Welcome to Scribd, the world's digital library. Read, publish, and share books and documents. See more
Standard view
Full view
of .
Look up keyword
Like this
0 of .
Results for:
No results containing your search query
P. 1
Chapter 7. Polygons, Circles, Stars and Stuff

Chapter 7. Polygons, Circles, Stars and Stuff

Ratings: (0)|Views: 916|Likes:
Published by scribdmuthu

More info:

Published by: scribdmuthu on Jan 27, 2010
Copyright:Attribution Non-commercial


Read on Scribd mobile: iPhone, iPad and Android.
download as PDF, TXT or read online from Scribd
See more
See less





Chapter 7. Polygons, Circles, Stars and Stuff
“Now it’s time for the magic!”“Magic?” asked Morf. “What do youmean, magic? You’ve never talked aboutLogo magic before.”“We’ve talked about shapes, and howyou can put two or more together to makea picture. We’ve talked about writingprocedures and adding variables andthings to those procedures. But this is allpretty ordinary stuff. Now it’s time todiscover some of the magic — not justLogo magic, but math magic too.”What’s the relationship between a square and a circle, forexample? Is there a relationship? And why have it? Whatrules fit for the square, the circle, and other shapes? How canyou prove that those rules are true?There’s a lot to look at here, more than we can cover in just one chapter. However, we’ll tell you where to explore todiscover all sorts of new things.________________________________________________
Playing With Polygons
You’ve worked with three, four, and six-sided polygonsso far. By the way, can you write a procedure for a two-sidedpolygon?You had better say NO. Polygons are closed shapes withat least three sides.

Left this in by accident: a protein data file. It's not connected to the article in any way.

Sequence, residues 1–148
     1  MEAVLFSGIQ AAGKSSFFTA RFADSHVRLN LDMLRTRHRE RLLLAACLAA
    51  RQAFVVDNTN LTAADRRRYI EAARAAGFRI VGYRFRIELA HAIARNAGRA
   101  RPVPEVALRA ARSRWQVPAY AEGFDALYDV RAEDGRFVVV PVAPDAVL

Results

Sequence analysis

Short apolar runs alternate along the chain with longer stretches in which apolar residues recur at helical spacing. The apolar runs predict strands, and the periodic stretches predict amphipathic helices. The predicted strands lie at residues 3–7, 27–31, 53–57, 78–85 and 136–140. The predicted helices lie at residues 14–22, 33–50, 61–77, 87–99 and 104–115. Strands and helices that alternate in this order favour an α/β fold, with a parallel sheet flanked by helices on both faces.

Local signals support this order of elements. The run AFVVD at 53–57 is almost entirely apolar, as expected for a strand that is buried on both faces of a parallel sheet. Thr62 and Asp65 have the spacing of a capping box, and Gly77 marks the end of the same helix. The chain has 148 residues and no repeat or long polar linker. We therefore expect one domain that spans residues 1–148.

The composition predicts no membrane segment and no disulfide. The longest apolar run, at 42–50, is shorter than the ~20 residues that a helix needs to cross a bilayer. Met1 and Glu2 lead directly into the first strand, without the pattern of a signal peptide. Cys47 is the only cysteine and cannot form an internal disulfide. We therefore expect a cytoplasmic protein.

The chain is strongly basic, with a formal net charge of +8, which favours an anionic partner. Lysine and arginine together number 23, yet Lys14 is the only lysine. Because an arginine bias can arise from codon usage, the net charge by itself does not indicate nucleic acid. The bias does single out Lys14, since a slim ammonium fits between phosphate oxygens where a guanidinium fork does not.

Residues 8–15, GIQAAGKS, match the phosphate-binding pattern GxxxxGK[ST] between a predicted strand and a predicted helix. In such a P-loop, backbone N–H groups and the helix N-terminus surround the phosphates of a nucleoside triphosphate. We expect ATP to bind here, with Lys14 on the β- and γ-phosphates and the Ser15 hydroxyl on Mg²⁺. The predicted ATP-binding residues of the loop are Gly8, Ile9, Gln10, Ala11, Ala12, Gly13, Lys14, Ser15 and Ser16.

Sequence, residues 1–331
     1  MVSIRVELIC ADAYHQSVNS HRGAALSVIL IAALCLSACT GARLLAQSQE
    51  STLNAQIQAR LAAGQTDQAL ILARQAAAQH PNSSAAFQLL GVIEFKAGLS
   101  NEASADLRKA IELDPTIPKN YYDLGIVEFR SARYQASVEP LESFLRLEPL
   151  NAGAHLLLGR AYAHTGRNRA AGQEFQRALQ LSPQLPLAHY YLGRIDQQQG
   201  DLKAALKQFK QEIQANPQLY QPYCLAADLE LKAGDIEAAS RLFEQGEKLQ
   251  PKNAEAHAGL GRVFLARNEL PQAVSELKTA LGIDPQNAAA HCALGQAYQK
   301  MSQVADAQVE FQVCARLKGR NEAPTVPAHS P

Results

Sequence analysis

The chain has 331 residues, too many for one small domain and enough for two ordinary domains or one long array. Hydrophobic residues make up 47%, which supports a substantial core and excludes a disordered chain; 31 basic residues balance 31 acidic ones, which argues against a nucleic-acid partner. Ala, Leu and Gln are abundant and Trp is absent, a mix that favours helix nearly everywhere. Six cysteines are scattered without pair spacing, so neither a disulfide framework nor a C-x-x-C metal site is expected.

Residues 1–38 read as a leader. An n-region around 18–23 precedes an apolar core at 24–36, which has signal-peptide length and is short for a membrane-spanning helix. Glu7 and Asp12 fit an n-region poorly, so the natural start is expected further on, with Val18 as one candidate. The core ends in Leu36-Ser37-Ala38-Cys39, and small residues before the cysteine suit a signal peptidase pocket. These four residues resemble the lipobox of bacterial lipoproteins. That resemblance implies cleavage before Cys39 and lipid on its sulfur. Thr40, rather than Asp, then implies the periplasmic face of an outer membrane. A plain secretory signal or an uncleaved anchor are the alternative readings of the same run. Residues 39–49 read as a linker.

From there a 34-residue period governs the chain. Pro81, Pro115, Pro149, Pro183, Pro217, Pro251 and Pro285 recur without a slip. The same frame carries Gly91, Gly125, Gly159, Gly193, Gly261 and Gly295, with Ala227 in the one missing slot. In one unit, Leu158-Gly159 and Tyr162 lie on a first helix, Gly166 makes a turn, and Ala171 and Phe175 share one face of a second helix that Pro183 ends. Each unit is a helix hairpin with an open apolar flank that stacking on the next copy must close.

Polygons, Circles, Stars and Stuff
Seems to me that we missed one above. Three, four, andsix-sided polygons? What about a five-sided polygon? Whatdo you call that?That’s a pentagon, just like that big building nearWashington, D.C.________________________________________________
Pentagon Power
Pentagon REPEAT 5 [FD :SIDE RT ____]How do you know how far the turtle should turn for thepentagon?You can try a few numbers to see what works. But beforeyou waste a lot of time, let’s see if there is something to belearned from the other shape procedures you already know.Look at the triangle. 3 repeats times 120 turns = ______How about the square? 4 repeats times 90 turns = ______
Polygons, Circles, Stars and Stuff
The hexagon? 6 repeats times 60 turns = ______The rectangle? 2 repeats times 90 + 90 = ______What goes in the blanks? I bet it’s 360 turns. (There’sthat number again.) So here’s what you have:For a triangle 3 repeats * 120 turns = 360Another way of writing that is 360/3 repeats = 120 turns.Isn’t that right? If you did that for a square and hexagon, whatwould you have?For a square:360/4 repeats = 90 turnsFor a hexagon:360/6 repeats = 60 turnsSo, if you want to write a procedure for a pentagon, howabout this?REPEAT 5 [FD :SIDE RT 360/5]Try it. What happens?________________________________________________
Any Number ofSides
If you can do that for a 5-sided shape, bet you can do thatfor any number of sides. Try that, too!REPEAT 3 [FD :SIDE RT 360/3]REPEAT 4 [FD :SIDE RT 360/4]REPEAT 6 [FD :SIDE RT 360/6]REPEAT 9 [FD :SIDE RT 360/9]REPEAT 15 [FD :SIDE RT 360/15]

Activity (2)

You've already reviewed this. Edit your review.
1 thousand reads
1 hundred reads

You're Reading a Free Preview

/*********** DO NOT ALTER ANYTHING BELOW THIS LINE ! ************/ var s_code=s.t();if(s_code)document.write(s_code)//-->